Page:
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Providing for Consideration of H.R. 1633, Farm Dust Regulation Prevention Act of 2011

Floor Speech

Location: Washington, DC


Ms. BALDWIN. I thank the gentleman for yielding time.

Madam Speaker, the bill before us today is entitled the Farm Dust Regulation Prevention Act of 2011.

I want to make something very clear. If we were here today voting on a bill that actually stopped farm dust from being regulated by the EPA, I would support it. Agriculture is hugely important to my home State of Wisconsin, and the thought of regulating farm dust on a Federal level is simply ridiculous. However, there is no attempt by the EPA to regulate farm dust. Administrator Lisa Jackson said that the EPA has no intention of regulating farm dust.

The Republican Senate sponsor of this bill, former Secretary of Agriculture Mike Johanns, states that the EPA has provided ``unequivocal assurance that it won't attempt to regulate farm dust.''

This legislation is not about farm dust. Instead, this bill creates a new category of pollution called ``nuisance dust'' and exempts it from the Clean Air Act entirely. To be clear, ``nuisance dust'' is a made-up term that has no basis in established science.

Under this legislation, particulate pollution from open-pit mines, mine processing plants, sand mines, lead smelters, and cement kilns would be exempt from the Clean Air Act. These facilities emit coarse and fine particulates--arsenic, lead, mercury, and other toxic substances.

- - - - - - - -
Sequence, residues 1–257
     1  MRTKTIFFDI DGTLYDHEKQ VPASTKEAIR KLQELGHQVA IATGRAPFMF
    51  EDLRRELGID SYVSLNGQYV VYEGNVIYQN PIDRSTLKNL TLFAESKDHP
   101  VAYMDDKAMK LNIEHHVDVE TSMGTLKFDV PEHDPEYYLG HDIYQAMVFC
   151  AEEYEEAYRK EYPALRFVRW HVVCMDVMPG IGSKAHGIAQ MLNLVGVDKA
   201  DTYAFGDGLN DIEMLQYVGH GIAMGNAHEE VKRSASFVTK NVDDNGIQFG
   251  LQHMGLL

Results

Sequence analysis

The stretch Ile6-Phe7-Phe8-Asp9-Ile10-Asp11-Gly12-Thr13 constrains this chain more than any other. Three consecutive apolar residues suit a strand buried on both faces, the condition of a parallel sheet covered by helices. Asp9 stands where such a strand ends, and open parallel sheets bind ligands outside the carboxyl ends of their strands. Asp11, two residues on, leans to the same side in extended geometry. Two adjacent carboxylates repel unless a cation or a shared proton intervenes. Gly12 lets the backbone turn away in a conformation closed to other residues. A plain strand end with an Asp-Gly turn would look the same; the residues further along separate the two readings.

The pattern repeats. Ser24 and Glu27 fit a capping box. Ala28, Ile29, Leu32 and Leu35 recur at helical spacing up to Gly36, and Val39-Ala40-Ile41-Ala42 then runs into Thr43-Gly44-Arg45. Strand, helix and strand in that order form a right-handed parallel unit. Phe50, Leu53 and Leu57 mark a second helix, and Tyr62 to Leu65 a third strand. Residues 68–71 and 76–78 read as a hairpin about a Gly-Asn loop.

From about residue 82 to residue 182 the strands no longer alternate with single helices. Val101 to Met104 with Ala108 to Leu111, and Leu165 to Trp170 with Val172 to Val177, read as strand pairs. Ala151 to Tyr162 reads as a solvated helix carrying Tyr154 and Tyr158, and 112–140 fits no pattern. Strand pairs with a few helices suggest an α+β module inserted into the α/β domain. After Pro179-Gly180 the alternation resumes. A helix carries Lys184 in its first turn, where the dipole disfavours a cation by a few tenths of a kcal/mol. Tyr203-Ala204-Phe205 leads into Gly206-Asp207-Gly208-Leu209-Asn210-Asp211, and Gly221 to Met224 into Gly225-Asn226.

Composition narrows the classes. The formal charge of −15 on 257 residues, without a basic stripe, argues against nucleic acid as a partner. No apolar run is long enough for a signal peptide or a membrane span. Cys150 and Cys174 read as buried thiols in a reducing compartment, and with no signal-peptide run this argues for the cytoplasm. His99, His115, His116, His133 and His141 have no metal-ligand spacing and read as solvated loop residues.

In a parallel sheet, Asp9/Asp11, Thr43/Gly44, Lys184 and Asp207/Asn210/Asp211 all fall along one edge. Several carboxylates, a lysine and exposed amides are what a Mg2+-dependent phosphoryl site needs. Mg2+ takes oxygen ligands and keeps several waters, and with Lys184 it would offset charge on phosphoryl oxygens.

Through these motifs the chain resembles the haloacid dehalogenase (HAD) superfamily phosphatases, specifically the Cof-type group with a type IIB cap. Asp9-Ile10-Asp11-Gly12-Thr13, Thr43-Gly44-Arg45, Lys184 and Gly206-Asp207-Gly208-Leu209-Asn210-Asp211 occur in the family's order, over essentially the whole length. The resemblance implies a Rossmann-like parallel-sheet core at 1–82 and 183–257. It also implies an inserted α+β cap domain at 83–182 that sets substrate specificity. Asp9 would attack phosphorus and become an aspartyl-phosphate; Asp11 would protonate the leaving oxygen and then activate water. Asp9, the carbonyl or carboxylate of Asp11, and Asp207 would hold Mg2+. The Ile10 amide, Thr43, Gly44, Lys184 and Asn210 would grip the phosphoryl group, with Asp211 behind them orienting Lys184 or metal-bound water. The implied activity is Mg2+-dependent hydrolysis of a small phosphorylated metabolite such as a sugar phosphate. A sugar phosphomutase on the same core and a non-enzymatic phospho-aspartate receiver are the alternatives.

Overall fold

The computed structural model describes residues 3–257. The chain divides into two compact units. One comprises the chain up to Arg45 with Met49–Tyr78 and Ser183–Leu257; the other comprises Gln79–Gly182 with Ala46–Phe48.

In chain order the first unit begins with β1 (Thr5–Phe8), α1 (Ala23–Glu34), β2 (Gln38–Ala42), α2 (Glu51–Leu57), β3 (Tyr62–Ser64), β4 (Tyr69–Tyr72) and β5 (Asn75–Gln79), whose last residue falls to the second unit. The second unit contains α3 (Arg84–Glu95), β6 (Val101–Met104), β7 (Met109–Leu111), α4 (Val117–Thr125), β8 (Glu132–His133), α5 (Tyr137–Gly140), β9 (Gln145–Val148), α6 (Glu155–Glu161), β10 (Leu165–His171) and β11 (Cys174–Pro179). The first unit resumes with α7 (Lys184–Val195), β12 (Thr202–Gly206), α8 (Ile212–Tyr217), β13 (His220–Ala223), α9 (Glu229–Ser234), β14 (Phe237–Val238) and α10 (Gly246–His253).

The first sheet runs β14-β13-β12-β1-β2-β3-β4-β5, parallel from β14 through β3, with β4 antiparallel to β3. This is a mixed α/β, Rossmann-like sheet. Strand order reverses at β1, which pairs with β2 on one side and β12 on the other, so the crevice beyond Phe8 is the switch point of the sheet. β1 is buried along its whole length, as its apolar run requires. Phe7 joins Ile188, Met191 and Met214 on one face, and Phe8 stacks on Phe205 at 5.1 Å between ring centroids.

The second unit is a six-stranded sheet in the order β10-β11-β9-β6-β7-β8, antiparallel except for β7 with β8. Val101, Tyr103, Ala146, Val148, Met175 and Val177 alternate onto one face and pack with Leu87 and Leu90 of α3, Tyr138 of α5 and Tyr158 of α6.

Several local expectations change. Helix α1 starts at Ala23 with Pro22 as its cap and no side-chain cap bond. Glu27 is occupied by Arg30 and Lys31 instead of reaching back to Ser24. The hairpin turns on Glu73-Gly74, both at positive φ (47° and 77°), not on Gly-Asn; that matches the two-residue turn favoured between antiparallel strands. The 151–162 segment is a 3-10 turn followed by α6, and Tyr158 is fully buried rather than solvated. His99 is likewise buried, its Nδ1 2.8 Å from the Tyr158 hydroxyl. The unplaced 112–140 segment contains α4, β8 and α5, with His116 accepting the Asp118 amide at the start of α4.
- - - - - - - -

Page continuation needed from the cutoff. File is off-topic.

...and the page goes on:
Now, I don't know about you, Madam Speaker, but this doesn't sound like ``farm dust'' to me.

I agree with my colleague Congressman John Dingell, who said, ``This is a solution in search of a problem.'' During the Energy and Commerce Committee markup, the majority showed us that this bill isn't about farm dust at all; it's about hacking another hole in the Clean Air Act and about stoking the fears of rural Americans and farmers for cheap political points.
Americans are so sick of these political games. They want jobs, not fear mongering and baseless accusations. We shouldn't be wasting our time and theirs dealing with myths. We have real problems that need real solutions.

We should be extending the payroll tax relief for hardworking American families. We should be passing a transportation bill that puts Americans back to work rebuilding our crumbling roads and bridges. We should be extending unemployment insurance to millions of Americans who are still out, pounding the pavement day in and day out, trying to find work.

Republicans need to stop stoking the fears of farmers and rural Americans and get back to fixing the real crisis facing our country--the jobs crisis.


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